The “Incredible Hulk” for GameCube is the stupidest video game I have ever played.
Allow me to expound. I recently took some time out of my busy schedule of “RBI Baseball” and “Tecmo Super Bowl” – two classics on the only real video game system ever released, the original Nintendo Entertainment System – to navigate the maze of buttons that is a GameCube controller and give the “Incredible Hulk” video game a whirl, hoping that it, like the movie on which it’s based, would feature an abundance of Jennifer Connelly or, inexplicably, Shakira. Sadly, it boasted of neither. In fact, the game contained very little of note at all, though I’m sure that, were it on the video game elementary school playground, it would attempt to boast of unfounded things, because, I mean, Hulk’s big. You know how it is.
Now, I haven’t done much research on the game here, because I figure that if video games exist for one reason, it’s to quell any form of research. Thus, I’m not entirely sure what the objective of the game is except presumably not to suck, a charge at which it fails miserably. Regardless, I approached the game blindly and left wishing I was indeed blind.
The game begins with Bruce Banner turning into the Hulk at his radiation-ravaged desert test site, whereupon a conveniently endless supply of military folk converge, seemingly to provide you with something to smash. You quickly master the myriad attacks of the Hulk – many of which are, admittedly, neat – by hurling and breaking everything in sight, grinning gleefully all the while. Little do you know, tender naif, that you have, in essence, already mastered the entire game.
After a while you advance to the next stage and, following a mighty state-spanning leap, the Hulk finds himself atop a building, or something, and more smashing ensues. Occasionally the opportunity presents itself to jump from building to building, another novelty that the game soon manages to make insufferably monotonous – after the dozenth or so such leap you discover that, much to your chagrin, you can’t fall off the rooftops to your death, and neither can the video game character you’re controlling.
An indeterminate amount of time smashing and jumping later, you finally beat that level and return to human form as Bruce Banner. Inexplicably, Bruce’s leg muscles seem to have completely atrophied, as he has lost the ability to jump or even move really quickly, though he can bust out a fairly nimble tumble on command. It is at this point, as you maneuver Bruce around ominous science labs – ’cause he’s a scientist, y’know? – that the game’s most agonizing feature is revealed.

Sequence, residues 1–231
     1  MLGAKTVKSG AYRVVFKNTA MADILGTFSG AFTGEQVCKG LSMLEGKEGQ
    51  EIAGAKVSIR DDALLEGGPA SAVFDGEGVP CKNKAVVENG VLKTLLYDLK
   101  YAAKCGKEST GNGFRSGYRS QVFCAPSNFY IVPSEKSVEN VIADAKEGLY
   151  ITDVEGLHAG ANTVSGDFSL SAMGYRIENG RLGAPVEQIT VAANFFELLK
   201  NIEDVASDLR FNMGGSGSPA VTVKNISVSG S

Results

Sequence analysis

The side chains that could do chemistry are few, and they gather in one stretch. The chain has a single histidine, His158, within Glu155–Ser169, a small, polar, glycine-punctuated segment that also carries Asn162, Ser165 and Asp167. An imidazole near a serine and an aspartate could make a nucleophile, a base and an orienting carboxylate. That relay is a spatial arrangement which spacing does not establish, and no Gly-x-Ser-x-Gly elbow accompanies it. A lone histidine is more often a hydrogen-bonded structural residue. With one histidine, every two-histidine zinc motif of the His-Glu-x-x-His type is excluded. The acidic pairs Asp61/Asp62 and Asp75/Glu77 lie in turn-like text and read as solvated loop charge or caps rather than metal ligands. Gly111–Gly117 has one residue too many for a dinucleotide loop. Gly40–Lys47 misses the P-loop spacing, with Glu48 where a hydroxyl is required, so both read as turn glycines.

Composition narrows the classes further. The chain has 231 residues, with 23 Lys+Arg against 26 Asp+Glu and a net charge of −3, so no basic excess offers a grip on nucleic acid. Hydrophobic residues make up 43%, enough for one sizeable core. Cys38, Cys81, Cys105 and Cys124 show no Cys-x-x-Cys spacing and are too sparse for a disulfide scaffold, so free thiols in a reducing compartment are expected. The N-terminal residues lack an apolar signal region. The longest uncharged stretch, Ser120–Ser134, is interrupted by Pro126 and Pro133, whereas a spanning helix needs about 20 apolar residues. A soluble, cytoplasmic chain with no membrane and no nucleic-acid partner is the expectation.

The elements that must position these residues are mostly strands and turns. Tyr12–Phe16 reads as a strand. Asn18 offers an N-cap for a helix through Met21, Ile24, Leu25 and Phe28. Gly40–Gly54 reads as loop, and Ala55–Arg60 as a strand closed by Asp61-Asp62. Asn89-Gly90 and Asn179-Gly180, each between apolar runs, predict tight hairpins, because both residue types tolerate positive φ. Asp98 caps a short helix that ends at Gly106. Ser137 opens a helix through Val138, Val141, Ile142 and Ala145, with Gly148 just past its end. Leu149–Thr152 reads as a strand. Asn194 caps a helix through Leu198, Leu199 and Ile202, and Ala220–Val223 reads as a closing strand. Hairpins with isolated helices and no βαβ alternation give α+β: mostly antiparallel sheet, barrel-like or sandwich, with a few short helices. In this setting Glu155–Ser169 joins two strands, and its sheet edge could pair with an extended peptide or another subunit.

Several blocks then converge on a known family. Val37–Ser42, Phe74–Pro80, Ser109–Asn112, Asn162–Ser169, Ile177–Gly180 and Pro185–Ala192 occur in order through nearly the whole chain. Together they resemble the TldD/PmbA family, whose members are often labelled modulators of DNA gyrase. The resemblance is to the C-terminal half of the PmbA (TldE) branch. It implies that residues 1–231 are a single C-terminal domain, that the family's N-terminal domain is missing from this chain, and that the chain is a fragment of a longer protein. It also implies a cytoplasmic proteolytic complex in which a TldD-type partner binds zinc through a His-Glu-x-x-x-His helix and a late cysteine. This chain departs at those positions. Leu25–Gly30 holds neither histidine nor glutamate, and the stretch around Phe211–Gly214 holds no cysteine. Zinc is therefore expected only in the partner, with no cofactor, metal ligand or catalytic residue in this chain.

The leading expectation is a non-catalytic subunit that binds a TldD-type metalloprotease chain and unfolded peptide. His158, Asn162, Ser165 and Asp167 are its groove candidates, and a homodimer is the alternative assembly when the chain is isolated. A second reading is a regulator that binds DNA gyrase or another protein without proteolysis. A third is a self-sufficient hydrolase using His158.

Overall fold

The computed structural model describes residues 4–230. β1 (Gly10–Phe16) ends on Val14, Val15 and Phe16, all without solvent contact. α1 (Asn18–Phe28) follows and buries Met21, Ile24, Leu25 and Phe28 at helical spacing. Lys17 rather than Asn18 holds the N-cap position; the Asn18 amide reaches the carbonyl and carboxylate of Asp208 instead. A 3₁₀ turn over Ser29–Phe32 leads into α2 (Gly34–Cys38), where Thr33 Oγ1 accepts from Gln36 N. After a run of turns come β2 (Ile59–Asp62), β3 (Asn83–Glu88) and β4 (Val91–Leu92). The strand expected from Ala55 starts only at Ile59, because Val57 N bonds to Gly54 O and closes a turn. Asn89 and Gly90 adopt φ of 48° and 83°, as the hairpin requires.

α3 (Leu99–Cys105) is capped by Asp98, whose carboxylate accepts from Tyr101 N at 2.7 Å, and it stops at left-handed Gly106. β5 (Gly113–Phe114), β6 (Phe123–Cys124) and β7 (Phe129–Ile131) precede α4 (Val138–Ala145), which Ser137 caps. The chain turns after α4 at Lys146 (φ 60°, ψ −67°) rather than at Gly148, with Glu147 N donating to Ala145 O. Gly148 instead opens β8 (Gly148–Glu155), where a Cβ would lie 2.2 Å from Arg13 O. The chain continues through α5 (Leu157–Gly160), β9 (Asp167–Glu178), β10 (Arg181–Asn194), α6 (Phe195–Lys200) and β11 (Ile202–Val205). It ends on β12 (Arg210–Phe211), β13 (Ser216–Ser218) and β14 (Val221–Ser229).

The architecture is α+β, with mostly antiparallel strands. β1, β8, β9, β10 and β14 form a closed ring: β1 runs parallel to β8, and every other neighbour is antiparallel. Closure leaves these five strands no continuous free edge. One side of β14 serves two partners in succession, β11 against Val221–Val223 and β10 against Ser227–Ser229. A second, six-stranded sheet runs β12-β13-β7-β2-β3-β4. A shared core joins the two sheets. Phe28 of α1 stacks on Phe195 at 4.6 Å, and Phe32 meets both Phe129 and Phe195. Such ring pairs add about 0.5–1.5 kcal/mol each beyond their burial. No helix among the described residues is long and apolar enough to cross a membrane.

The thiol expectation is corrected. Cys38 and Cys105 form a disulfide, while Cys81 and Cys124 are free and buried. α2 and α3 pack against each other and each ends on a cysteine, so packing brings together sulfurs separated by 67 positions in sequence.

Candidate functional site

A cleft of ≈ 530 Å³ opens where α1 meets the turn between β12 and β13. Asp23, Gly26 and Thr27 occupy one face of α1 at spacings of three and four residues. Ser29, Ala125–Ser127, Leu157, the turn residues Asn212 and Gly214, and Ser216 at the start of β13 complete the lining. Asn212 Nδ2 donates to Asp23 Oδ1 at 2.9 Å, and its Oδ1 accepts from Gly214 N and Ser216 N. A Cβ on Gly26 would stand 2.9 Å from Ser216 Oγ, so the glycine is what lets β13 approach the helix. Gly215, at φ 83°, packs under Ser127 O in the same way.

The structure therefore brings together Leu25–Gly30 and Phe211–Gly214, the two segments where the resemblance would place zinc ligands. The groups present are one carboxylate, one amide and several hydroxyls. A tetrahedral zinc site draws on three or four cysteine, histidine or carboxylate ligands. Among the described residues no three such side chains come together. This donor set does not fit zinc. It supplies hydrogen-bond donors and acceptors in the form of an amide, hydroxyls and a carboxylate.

Evidently – and this should have been assumed, based on the ‘break things’ premise of the game – ol’ Bruce has little faith in the intelligence of we, the puppeteering public, as we navigate the puzzlingly dangerous laboratories. Therefore, every now and then – and a very frequent now and then – Bruce’s haunting voice chimes in with advice such as, “I shouldn’t attack that security guard… I’m only a scientist.” Golly, thanks Bruce. It took only a handful of Bruce’s helpful hints before I began engaging in the exact activity that they warned against, and smiled sinisterly as feeble scientist Bruce Banner took a nice throttling at the hands of a nameless security guard, who we’ll dub “Ted.” Moments later, when Bruce gets to a door guarded with a numerical keypad, he deems it necessary to explain to the gamer at hand just how to solve the puzzle, even though the solution is right above the keypad. Grimacing in agony, I wished aloud that Ted would come back to further damage Bruce. Fortunately, a large dog soon took care of the task, and I retired from the game. Forever. For-ever. For-ev-er.
It’s not that the graphics and sound weren’t impressive, because they were. It’s just that the game sucked. It ranks as a typical “beat stuff up” game, and, from what I could tolerate, it seems to rarely progress beyond that point. Even the strategic elements of the game, such as the keypad puzzles Bruce needs to complete, are demeaningly easy, and I’m confident that even a handless five-year-old would agree that the game is dumb and monotonously basic.
Perhaps the game gets more interesting if you can tolerate mediocrity long enough to progress that far. Me, I just don’t have that kind of patience. I mean, I don’t ask that much from my video games – hell, “RBI Baseball” consisted of two control pad buttons and a handful of pixels moving abruptly across the screen. But it had spirit, and dammit, that’s just something the Hulk game lacks.
Well, that and Jennifer Connelly.
Janowitz can be reached at firstname.lastname@example.org.